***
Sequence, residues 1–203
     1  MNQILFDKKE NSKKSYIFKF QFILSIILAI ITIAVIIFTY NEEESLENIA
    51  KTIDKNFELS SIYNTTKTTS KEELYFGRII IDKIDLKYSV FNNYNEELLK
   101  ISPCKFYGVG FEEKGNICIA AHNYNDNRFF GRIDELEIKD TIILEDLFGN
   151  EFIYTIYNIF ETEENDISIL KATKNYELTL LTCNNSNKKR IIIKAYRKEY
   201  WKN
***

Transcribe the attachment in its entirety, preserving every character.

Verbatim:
Sequence, residues 1–203
     1  MNQILFDKKE NSKKSYIFKF QFILSIILAI ITIAVIIFTY NEEESLENIA
    51  KTIDKNFELS SIYNTTKTTS KEELYFGRII IDKIDLKYSV FNNYNEELLK
   101  ISPCKFYGVG FEEKGNICIA AHNYNDNRFF GRIDELEIKD TIILEDLFGN
   151  EFIYTIYNIF ETEENDISIL KATKNYELTL LTCNNSNKKR IIIKAYRKEY
   201  WKN